Life expectancy rising in China: studies

Updated: 2015-10-28 06:07

By PAUL WELITZKIN in New York(China Daily USA)

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Life expectancy in China is rising and child mortality has fallen, according to studies of different regions in the country.

The studies, published in the United Kingdom-based The Lancet on Monday, were conducted by researchers in China and the United States. They included the Chinese Center for Disease Control and Prevention, National Office for Maternal and Child Health Surveillance, and the Institute for Health Metrics and Evaluation at the University of Washington in Seattle.

Researchers focused on 31 provinces, municipalities, autonomous regions of China and Hong Kong and Macao special administrative regions.

Life expectancy in China has increased an average of 8.5 years from 1990, bolstered by a decline in infectious diseases and infant mortality. Shanghai had the highest life expectancy in China in 2013, 80.2 years for men and 85.2 for women, and is now comparable to the world’s highest life expectancies in France and Japan.

There appears to be some inequality in certain provinces as life expectancy is about 10 years lower for both men and women in some western provinces, according to the studies.

Yanzhong Huang, senior fellow for global health at the Council on Foreign Relations in New York, wrote in an e-mail that it is typical for less developed regions (such as some of the western provinces) because of their lower gross domestic product (GDP) level and poorer public health and education standards, to have a lower average life expectancy.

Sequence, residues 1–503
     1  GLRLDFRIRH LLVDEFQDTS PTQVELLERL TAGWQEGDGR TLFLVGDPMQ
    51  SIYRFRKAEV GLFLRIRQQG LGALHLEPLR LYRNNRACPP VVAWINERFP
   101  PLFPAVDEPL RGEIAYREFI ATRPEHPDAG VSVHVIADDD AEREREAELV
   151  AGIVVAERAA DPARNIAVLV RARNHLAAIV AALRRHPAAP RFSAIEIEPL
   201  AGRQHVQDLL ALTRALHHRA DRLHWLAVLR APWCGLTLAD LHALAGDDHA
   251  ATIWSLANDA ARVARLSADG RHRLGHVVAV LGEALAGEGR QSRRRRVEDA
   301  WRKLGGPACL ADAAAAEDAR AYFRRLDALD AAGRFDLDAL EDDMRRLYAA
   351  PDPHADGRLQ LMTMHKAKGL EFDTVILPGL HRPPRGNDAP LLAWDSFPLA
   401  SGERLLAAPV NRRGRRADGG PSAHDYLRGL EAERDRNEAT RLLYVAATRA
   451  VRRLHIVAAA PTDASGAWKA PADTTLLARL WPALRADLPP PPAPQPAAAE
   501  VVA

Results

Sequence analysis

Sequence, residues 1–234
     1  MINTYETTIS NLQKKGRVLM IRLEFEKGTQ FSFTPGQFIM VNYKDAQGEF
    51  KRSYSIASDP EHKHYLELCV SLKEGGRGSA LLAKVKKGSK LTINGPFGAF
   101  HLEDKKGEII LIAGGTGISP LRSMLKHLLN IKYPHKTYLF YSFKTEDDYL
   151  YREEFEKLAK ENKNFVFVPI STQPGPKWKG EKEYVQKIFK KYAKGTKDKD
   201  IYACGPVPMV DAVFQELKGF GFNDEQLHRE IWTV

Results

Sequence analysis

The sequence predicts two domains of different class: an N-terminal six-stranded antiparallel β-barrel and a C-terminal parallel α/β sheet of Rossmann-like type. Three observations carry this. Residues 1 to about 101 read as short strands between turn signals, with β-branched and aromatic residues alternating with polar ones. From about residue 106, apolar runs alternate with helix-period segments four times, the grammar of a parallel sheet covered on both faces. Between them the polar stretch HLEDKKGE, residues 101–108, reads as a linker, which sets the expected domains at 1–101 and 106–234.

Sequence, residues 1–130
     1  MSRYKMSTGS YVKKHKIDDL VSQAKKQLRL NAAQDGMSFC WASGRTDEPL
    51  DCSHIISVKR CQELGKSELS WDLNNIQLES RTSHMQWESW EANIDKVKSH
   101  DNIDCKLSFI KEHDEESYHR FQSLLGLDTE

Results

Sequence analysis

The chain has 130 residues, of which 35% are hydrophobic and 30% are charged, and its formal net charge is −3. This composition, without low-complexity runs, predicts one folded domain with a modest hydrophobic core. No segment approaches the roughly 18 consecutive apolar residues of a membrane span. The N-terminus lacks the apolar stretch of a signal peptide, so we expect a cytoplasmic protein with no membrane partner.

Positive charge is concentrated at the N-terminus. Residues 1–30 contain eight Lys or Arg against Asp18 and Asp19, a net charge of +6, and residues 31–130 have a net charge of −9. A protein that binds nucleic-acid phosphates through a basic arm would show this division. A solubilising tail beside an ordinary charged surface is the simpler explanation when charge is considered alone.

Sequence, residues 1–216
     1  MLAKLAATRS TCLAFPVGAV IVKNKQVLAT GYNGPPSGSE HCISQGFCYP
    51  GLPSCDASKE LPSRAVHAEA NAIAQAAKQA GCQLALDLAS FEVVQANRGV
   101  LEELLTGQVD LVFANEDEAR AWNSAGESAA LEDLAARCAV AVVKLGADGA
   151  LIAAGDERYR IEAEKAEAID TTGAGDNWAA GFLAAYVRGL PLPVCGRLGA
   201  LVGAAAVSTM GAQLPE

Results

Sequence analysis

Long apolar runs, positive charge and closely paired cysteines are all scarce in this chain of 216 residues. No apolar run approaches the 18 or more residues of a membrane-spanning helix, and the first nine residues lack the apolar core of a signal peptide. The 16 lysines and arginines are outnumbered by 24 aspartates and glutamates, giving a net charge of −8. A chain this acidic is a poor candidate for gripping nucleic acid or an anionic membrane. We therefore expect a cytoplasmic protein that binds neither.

One study found that that every Chinese province has seen a decline in deaths of children under the age of 5 since 1970.

Chronic obstructive pulmonary disease (COPD), associated with smoking and air pollution, is the leading cause of death in Yunnan, as it is in many southern and western provinces, including Chongqing, Gansu, Guizhou, Qinghai, and Sichuan, the studies showed. In northern provinces, heart disease is a leading cause of death with Heilongjiang having a heart disease death rate four times greater than Zhejiang, the least-affected province.

What could account for the differences between the provinces? “I suspect that Yunnan and other southwestern provinces have COPD as a leading killer because (they have) high smoking rates. It has been reported that more than 30 percent of residents in Yunnan over 40 are reportedly regular smokers,” wrote Huang. “Plus (the provinces) industrial structure is such that there is a high concentration of coal and non-ferrous metal industries, which is often associated with occupational hazards such as pneumoconiosis.”

The studies come as the Communist Party of China has convened the fifth plenary session of its 18th Central Committee to outline the 13th Five-Year Plan (2016-2020) for national development. Earlier this year, Premier Li Keqiang called for further medical reform measures to improve the country’s health care system.

“China's policymakers have emphasized reforming China's health system to address China's changing health needs, and this new evidence may be useful to spur additional innovations in strengthening primary care, chronic disease management, and policies designed to address the greatest burden of disease in each specific locality rather than generic ‘one size fits all’ policies,” Karen Eggleston, director Asia Health Policy Program at the Shorenstein Asia-Pacific Research Center at Stanford University in Palo Alto, California, wrote in an e-mail.

“In a country as large and diverse as China, the greatest health improvements may be through interventions tailored to local needs — for healthy aging in Shanghai, to better reductions in indoor air pollution in western provinces, and support nationally for improved hypertension detection and control, road traffic accident prevention, and other tailored policies to determine the best value in health reforms,” she added.